Using Your Senses to Quickly Change Your Response to Stress
Everybody has the power to reduce the impact of stress as it’s happening in the moment. With practice, you can learn to spot stressors and stay in control when the pressure builds. Learning quick stress relief won’t happen overnight. Like any skill, it takes time, self-exploration and above all, practice. But think of it as an education with a huge payoff.
Learn to recognize stress
Recognizing stress is the first step in lessening its impact. Many of us spend so much time in a stressed state, we have forgotten what it feels like to be fully relaxed and alert. Being stressed out feels normal.
What does it feel like to be calm and stress-free? You can see that “just right” inner balance in the smile of a happy baby—a face so full of joy it reminds adults of the balanced emotional state that most of us have misplaced. In adulthood, being balanced means maintaining a calm state of energy, alertness, and focus.
Calmness is more than just feeling relaxed; being alert is an equally important aspect of finding the balance needed to withstand stress.
If you don’t feel calm, alert, productive, and focused most of the time in your daily life, then too much stress may be a problem for you.
Tips for recognizing when you’re stressed
Hush the voice that’s telling you, ‘Oh, I’m fine.” Notice how you’re breathing has changed. Are your muscles tense? Awareness of your physical response to stress will help regulate the tension when it occurs.
When you’re tired, your eyes feel heavy and you might rest your head on your hand. When you’re happy, you laugh easily. And when you are stressed, your body lets you know that too. Try to get in the habit of paying attention to your body’s clues.
- Observe your muscles and insides. Are your muscles tight/sore? Is your stomach tight or sore? Are your hands clenched?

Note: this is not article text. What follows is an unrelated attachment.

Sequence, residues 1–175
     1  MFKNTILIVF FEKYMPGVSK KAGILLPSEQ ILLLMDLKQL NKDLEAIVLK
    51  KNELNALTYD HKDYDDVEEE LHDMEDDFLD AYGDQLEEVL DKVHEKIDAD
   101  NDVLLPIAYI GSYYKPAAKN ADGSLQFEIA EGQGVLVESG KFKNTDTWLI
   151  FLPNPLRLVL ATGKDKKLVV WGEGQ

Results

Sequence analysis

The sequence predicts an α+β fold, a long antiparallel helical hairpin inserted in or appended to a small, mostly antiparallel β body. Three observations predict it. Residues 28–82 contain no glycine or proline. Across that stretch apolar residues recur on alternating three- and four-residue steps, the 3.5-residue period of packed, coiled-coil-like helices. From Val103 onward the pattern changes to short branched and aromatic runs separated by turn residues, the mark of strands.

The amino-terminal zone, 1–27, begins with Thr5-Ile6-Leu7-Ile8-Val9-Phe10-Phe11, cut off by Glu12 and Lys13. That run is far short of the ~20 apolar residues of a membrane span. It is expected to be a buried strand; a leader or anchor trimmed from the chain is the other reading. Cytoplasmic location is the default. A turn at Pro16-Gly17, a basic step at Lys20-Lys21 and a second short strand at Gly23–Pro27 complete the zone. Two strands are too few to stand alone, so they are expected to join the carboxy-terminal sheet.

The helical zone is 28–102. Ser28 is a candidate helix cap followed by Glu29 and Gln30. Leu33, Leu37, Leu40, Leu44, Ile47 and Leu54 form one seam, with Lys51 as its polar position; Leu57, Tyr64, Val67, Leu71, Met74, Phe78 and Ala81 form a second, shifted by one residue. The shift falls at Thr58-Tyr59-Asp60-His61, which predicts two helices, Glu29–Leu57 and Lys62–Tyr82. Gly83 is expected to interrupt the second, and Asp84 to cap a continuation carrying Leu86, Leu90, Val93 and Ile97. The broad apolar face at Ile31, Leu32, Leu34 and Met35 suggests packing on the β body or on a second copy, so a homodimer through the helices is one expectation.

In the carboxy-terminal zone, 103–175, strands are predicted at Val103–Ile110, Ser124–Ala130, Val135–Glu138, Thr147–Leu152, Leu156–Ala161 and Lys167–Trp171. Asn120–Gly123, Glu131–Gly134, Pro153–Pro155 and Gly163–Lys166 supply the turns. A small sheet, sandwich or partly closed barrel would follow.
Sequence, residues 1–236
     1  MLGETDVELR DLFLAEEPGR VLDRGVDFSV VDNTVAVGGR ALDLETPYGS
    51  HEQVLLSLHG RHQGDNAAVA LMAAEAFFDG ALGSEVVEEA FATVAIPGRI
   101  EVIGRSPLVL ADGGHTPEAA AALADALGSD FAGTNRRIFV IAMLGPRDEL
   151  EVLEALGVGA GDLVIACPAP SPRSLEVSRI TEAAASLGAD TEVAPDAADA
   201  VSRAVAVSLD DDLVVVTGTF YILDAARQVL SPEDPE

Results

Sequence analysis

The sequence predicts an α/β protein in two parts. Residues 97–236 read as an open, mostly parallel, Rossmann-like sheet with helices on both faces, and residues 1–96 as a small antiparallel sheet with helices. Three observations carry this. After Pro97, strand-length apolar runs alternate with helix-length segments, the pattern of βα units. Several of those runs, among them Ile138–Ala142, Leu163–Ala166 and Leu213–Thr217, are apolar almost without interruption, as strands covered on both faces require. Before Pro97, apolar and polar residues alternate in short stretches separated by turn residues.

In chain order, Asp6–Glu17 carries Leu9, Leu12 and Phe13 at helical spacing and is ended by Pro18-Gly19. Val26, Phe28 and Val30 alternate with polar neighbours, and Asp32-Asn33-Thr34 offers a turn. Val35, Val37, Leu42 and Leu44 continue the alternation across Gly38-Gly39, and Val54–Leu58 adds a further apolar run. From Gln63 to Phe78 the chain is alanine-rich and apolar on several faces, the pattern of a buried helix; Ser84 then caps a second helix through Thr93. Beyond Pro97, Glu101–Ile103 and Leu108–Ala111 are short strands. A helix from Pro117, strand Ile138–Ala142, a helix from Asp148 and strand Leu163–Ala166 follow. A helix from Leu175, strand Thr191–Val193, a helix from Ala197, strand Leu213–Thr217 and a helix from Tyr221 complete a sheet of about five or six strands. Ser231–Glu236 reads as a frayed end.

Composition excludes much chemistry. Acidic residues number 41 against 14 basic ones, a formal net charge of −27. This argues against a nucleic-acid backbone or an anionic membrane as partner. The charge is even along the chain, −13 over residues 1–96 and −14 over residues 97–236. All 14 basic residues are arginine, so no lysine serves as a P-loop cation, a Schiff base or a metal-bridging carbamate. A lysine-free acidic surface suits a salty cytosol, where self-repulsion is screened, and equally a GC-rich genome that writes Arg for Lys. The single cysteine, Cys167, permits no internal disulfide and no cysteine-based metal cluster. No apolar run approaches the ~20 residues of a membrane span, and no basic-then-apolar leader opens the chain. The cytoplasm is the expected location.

- Observe your breath. Is your breath shallow? Place one hand on your belly, the other on your chest. Watch your hands rise and fall with each breath. Notice when you breathe fully or when you “forget” to breathe.
Identify your body’s stress response
Internally, we all respond to stress the same: blood pressure rises, the heart pumps faster, and muscles constrict. When stressed, our bodies work hard and drain our immune system. Externally, however, people tend to respond to stress in three different ways: some become angry and agitated, others space out or withdraw, and still others freeze up.
The best way to quickly relieve stress may relate to your specific stress response.
How do you act when stressed?
When it comes to managing and reducing stress quickly in the middle of a heated situation, it’s important to be familiar with your specific stress response.
- Over excited stress response – If you tend to become angry, agitated, or keyed up under stress, you will respond best to stress relief activities that quiet you down.
- Under excited stress response – If you tend to become depressed, withdrawn, or spaced out under stress, you will respond best to stress relief activities that are stimulating and that energize your nervous system.
- Frozen stress response (both over excited and under excited) – If you tend to freeze—speeding up in some ways while slowing down in others—your challenge is to identify stress relief activities that provide both safety and stimulation to help you “reboot” your system.